European Council President Herman van Rompuy has announced that a deal has been reached to help Greece cope with its deficit crisis.

The details of the package are not expected to be finalised until early next week, when EU finance ministers meet.

However, EU leaders suggested it could include some form of loans to Greece to help it service its debt and avoid a damaging default.

As they announced the deal, EU leaders also urged Greece to make deep cuts to its budget deficit to restore confidence in its economy and prevent its fiscal crisis from spilling over to other high-debt states such as Portugal and Spain.

'There is an agreement on the Greek situation,' Mr Van Rompuy told reporters gathered at a summit of EU leaders in Brussels.

'Euro area member states will take determined and coordinated action if needed to safeguard stability in the euro area as a whole,' he said.

The agreement was reached in talks between Mr Van Rompuy, European Commission President José Manuel Barroso, French President Nicolas Sarkozy, German Chancellor Angela Merkel, European Central Bank President Jean-Claude Trichet and Greek Prime Minister George Papandreou.

Germany and France are expected to take the lead in providing support, in part because other big euro zone economies, such as Italy and Spain, are themselves under financial pressure.Leaders met in Brussels

Economists said the plan, while short on details, is likely to enhance market confidence in Greece, which has seen its debt and equity markets hammered over the past month.

Until this week, EU leaders had avoided speaking openly about a bailout, fearful it might ease pressure on the government in Athens to enact tough austerity measures.

European leaders are keen to prevent Greece's woes from spreading to other members and sending the euro zone into a bigger crisis that could reverberate around the world.

'Greece is a part of the European Union and won't be left on its own, but there are rules and these rules need to be adhered to,' Chancellor Merkel said.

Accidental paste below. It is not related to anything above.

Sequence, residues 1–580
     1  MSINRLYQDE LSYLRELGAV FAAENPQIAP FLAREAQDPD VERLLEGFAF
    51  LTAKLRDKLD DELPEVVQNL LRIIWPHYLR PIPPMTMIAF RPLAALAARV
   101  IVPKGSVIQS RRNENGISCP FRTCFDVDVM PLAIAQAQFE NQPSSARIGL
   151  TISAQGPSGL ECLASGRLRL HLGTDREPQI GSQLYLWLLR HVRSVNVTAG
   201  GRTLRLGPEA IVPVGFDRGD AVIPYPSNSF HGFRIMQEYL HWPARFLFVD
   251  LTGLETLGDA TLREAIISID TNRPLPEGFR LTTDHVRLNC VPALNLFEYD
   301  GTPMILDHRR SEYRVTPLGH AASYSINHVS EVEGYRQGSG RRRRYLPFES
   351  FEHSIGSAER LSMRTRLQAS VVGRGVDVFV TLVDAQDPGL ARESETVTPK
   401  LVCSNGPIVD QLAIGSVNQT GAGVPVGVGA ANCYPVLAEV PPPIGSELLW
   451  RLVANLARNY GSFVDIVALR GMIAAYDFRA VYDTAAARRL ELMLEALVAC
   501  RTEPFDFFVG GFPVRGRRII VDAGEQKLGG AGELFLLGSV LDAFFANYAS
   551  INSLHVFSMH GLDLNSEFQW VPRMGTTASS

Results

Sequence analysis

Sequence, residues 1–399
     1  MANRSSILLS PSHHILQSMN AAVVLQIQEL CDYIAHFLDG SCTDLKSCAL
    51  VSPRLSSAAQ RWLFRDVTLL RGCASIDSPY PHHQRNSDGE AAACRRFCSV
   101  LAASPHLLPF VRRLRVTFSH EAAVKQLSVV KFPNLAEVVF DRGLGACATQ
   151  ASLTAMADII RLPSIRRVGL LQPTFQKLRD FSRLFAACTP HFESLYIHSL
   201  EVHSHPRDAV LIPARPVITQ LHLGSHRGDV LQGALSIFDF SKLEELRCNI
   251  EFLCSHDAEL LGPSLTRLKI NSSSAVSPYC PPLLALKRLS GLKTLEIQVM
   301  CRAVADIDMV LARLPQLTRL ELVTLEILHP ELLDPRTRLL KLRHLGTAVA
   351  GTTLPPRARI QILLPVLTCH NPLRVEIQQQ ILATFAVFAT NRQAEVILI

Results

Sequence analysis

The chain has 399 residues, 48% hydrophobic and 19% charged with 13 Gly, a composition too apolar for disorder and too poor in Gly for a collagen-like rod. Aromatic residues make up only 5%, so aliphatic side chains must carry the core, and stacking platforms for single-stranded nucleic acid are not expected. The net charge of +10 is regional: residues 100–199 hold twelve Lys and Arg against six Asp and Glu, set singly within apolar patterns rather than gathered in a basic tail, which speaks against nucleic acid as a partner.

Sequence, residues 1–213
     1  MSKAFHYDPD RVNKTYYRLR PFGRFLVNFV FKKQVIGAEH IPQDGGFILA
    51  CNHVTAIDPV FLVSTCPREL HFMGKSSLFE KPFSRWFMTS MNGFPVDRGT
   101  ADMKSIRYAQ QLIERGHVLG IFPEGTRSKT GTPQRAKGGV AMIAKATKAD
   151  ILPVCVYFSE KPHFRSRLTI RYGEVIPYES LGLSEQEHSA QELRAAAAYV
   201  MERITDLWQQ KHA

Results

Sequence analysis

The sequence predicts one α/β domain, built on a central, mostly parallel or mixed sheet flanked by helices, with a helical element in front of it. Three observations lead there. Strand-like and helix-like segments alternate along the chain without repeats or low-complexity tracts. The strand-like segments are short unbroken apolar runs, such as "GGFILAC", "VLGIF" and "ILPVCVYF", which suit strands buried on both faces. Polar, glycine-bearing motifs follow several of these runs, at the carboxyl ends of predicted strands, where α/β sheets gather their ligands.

Ireland's new EU Commissioner Máire Geoghegan-Quinn has also said that no EU member country would be left on its own to face a serious financial crisis.

Greece needs to borrow €53bn this year to cover its deficit and refinance debts that are expected to climb to €290bn.

Mr Van Rompuy called on the Greek government to implement steps to consolidate its budget in a 'rigorous and determined' manner and said the European Commission would closely monitor progress in consultation with the European Central Bank.

He said the EU could ask Greece to take additional measures and would draw on the expertise of the International Monetary Fund.

Greece has already pledged to cut its deficit by 4% this year.

FG queries Govt proposals

Fine Gael's Alan Shatter has asked the Government what proposals it has to respond to the economic difficulties in Greece.

Deputy Shatter said the crisis had profound implications for the euro zone and the euro currency.

Labour's Joan Bruton said Ireland should support weaker countries in the European Union.

Sinn Fein's Caoimhghín Ó Caoláin expressed concern that the crisis in Greece would impact on interest rates at the European Central Bank.

Responding, Tánaiste Mary Coughlan said Ireland would support other partner countries in the EU at this time.